Four Doctors Without Borders (MSF) hospitals have been attacked, even though they gave their coordinates to the Saudis. Schools, factories, markets and residential areas have been targeted.

When I visited Yemen for Middle East Eye at the start of last month with Nawal Al-Maghafi, we both felt a profound sense of shame and anger that a supposedly decent country like Britain could sanction crimes of this nature.

Again and again, baffled ordinary Yemenis asked us why the British (who as former colonial rulers of the southern port of Aden are more fondly remembered than we probably deserve) have flung in their lot with the Saudis.

The Houthis have committed terrible atrocities, but the worst carnage has been inflicted by the Saudi-led coalition.

READ: Sanaa: A tale of two leaders in a city without hope

In our judgment, the Saudi attacks are not just criminal but counter-productive because they have galvanised massive popular support for the Houthis against the common oppressor.

Indeed but for the Saudi attacks, the Houthis might well have been thrown out of Sanaa, the Yemeni capital.

Throughout all of this, Britain has supplied arms to Saudi Arabia. Not a single contract has been refused since the conflict began. Our continued supply of arms is probably illegal.

Here is why: Britain was one of the strongest supporters of the Arms Trade Treaty when it was agreed two years ago. Since then, the British government has systematically ignored its provisions.

The treaty insists that no arms should be sold when there is an "overriding risk" that they will be used in breach of international humanitarian law.

Yet a mountain of evidence has accrued from authoritative and independent sources that the Saudi coalition has carried out dreadful atrocities. So Britain is shockingly in breach of an arms treaty it supported only two years ago.

How do we get away with this? By turning a blind eye. When Philip Hammond was foreign secretary, he insisted that was no "credible evidence" of violations. He argued that the Saudi coalition itself should carry out its own investigation.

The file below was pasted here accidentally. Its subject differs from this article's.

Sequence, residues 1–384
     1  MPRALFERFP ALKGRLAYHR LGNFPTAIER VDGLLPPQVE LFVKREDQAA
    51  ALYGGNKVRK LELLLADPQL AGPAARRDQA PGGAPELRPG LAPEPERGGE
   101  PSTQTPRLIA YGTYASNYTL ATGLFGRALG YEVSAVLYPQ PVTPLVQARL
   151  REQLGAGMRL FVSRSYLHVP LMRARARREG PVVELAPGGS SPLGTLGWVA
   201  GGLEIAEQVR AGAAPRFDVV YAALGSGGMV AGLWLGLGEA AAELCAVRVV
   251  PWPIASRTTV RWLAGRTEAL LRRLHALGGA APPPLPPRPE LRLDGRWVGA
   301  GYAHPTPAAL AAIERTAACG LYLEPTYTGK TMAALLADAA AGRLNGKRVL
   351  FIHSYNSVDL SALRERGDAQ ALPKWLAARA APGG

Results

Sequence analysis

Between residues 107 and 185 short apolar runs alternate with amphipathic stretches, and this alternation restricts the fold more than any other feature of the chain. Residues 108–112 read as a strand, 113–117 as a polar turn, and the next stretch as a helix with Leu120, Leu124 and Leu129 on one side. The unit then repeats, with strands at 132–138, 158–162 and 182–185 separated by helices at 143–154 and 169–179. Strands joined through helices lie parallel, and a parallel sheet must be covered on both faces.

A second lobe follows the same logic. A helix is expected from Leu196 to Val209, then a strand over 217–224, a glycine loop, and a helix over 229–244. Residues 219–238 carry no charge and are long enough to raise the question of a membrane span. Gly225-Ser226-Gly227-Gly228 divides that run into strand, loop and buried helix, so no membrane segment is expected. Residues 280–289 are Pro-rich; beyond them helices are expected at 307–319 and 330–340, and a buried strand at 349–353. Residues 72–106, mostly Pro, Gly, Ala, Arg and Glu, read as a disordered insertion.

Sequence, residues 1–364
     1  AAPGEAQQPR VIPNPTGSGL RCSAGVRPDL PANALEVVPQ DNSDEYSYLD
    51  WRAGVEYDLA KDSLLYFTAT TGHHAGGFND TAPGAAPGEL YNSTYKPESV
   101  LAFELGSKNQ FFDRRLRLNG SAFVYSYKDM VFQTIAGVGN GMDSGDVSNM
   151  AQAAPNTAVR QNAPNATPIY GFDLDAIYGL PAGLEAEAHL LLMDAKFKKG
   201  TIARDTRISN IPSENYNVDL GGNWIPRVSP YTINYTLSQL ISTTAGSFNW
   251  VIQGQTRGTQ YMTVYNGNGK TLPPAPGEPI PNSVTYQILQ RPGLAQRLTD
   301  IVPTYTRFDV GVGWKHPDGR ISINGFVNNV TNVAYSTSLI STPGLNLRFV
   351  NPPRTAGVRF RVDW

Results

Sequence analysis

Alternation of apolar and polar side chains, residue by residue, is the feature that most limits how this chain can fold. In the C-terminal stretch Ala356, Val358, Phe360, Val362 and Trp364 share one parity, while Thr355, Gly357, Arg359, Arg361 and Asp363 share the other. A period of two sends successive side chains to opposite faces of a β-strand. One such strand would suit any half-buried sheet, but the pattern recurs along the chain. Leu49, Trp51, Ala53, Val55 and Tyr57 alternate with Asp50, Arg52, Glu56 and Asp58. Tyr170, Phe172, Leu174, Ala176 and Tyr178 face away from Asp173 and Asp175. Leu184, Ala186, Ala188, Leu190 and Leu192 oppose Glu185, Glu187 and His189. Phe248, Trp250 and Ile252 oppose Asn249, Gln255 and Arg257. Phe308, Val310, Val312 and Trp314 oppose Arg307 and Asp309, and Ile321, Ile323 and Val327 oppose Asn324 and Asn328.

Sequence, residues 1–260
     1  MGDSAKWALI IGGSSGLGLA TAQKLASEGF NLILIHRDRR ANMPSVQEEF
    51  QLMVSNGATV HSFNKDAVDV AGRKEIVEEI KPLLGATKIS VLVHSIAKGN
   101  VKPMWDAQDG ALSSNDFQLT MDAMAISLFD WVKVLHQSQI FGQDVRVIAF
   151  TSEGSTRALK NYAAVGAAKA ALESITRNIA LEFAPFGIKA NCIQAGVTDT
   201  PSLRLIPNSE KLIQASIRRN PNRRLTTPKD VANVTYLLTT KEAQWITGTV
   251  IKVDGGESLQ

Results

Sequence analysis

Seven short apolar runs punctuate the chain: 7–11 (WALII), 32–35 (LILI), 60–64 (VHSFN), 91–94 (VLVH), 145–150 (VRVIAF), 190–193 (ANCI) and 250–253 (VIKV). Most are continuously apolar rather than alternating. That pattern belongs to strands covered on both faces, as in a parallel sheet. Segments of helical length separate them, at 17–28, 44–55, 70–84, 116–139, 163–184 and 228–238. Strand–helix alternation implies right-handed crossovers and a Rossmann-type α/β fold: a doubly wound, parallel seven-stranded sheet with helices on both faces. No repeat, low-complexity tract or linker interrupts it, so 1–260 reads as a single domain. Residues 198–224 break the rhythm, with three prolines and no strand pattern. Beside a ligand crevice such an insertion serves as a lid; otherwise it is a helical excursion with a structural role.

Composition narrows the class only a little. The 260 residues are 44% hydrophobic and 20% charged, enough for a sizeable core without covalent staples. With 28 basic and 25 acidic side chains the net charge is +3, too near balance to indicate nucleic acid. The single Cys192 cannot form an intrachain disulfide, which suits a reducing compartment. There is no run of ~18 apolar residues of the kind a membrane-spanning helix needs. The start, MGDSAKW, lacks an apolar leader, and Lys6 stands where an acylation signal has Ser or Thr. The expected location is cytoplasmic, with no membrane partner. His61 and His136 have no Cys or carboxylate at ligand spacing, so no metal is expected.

This position was exploded as a sham at the beginning of last month, when the Saudi coalition released the first results of their investigations. Its report, which delivered short verdicts on eight alleged atrocities, looks like a blatant cover-up.

Very little detail is provided. We do not know how its impartiality can be guaranteed. Doubts surround not only its conclusions, but also its facts.

For instance, the investigation found no “human damage” at the Haydan Hospital in Saada - which had to close after the Saudi-led coalition bombed it last October - whereas Human Rights Watch recorded that two patients had been injured.

It is well past time that Britain supported an independent inquiry and, luckily, next month the UN Human Rights Council meets in Geneva and will discuss the Yemeni war.

READ: How Yemen's past is being erased, one air strike at a time

Last year, Britain played a disgraceful role at this very event, helping to block the Dutch call for an independent inquiry. This time, we must support one, however much such a move would infuriate the Saudi government and its allies and supporters in the West.

This is what Boris Johnson wrote in yesterday’s Times newspaper: “We are seeing indiscriminate attacks on civilians; the bombing of medical facilities; children pulled bloodied from the rubble.

“We are forced to watch one of the most ancient homes of civilisation being literally pulverised, the lives of innocent families shattered by every kind of munition from barrel bombs to chlorine gas.”

These remarks were directed at Syrian President Bashar al-Assad but (with the exception of chlorine gas and barrel bombs) they apply just as much to the Saudi-led coalition in Yemen.

Yet Britain is presently the main international supporter of Saudi King Salman in his murderous war on Yemen. This is a gross double standard.

The Saudi monarchy was the linchpin in the system of international alliances favoured by former prime minister Cameron.

It was a system that was blind to human decency and paid attention only to what was perceived as British commercial interest.

Now that Cameron has quit, and the country has a new prime minister and foreign secretary, we have a chance to reassess and reshape that foreign policy.

As Saudi bombs continue to rain down on Yemen, there is no time to lose.

- Peter Oborne was named freelance writer of the year 2016 by the Online Media Awards for his reporting for Middle East Eye. With MEE colleague Nawal Al-Maghafi, he is among the few correspondents to have ventured into war-torn Yemen in recent months.

The views expressed in this article belong to the author and do not necessarily reflect the editorial policy of Middle East Eye.

Photo: Peter Oborne surveys damage caused by air strikes in Sanaa's old city (MEE/Mohammed Al-Mikhlafi)